The need to feed the 3.2 billion (and rising) that depend on fish reserves for their sources of protein is leading to the collapse of fisheries worldwide, with fish-stocks along the Asia-Pacific coastlines predicted to be unable to provide for the dietary needs of the world's most populous region, circa 2048. Explicitly, commercial fishing now covers a higher surface (>55 percent of the ocean) area than agriculture (four times as large). Besides, merely five countries are responsible for 85 percent of all commercial fishing measured by million hours at sea, for which China is accountable for half of all hours, thus raising some vital questions to the current health of the oceans in the face of an overwhelming need to feed more people with more purchasing capacity.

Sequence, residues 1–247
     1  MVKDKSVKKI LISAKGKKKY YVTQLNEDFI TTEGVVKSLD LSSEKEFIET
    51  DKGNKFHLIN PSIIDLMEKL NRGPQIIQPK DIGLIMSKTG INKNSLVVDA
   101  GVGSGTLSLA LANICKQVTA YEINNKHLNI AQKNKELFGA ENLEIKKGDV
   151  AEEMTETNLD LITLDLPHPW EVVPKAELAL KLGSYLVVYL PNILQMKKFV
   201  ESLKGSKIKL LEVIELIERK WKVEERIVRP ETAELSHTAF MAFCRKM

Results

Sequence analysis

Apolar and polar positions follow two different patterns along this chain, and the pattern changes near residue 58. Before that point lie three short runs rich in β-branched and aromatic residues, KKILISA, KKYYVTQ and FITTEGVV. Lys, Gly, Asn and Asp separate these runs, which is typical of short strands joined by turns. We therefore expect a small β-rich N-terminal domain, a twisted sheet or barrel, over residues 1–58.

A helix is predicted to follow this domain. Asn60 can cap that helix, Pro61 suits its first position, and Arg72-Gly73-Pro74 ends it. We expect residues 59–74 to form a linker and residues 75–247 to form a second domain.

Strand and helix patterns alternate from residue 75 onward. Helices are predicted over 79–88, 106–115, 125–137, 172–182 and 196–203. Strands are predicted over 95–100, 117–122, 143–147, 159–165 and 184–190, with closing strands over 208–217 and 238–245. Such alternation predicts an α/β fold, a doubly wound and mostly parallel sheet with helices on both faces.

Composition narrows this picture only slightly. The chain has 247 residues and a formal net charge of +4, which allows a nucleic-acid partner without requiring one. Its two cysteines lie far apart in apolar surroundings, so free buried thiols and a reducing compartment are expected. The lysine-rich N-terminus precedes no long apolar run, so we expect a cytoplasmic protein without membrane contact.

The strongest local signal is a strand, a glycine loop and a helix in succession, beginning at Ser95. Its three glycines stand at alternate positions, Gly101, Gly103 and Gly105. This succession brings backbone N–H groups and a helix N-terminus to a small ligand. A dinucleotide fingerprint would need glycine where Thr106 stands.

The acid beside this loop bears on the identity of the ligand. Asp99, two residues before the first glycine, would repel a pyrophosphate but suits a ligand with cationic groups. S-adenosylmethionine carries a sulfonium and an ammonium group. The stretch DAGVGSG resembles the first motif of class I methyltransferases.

So how can we effectively cease our assault on the biosphere, when the dietary needs of one growing species, are responsible for such unprecedented demands on the living systems of the planet?
But even if all of humanity were to maintain levels of consumption of resources on par with just sustenance and survival (current numbers would still imply profound ecological damage), human beings seek to satiate not only their indispensable needs but also to indulge in other gratuitous wants, to maximize comfort and well-being. As the populion ethicist Karin Kulhemann impeccably affirms:
“All human beings engage in at least subsistence level consumption, and virtually all either already consume more than required for survival or would if given the opportunity.”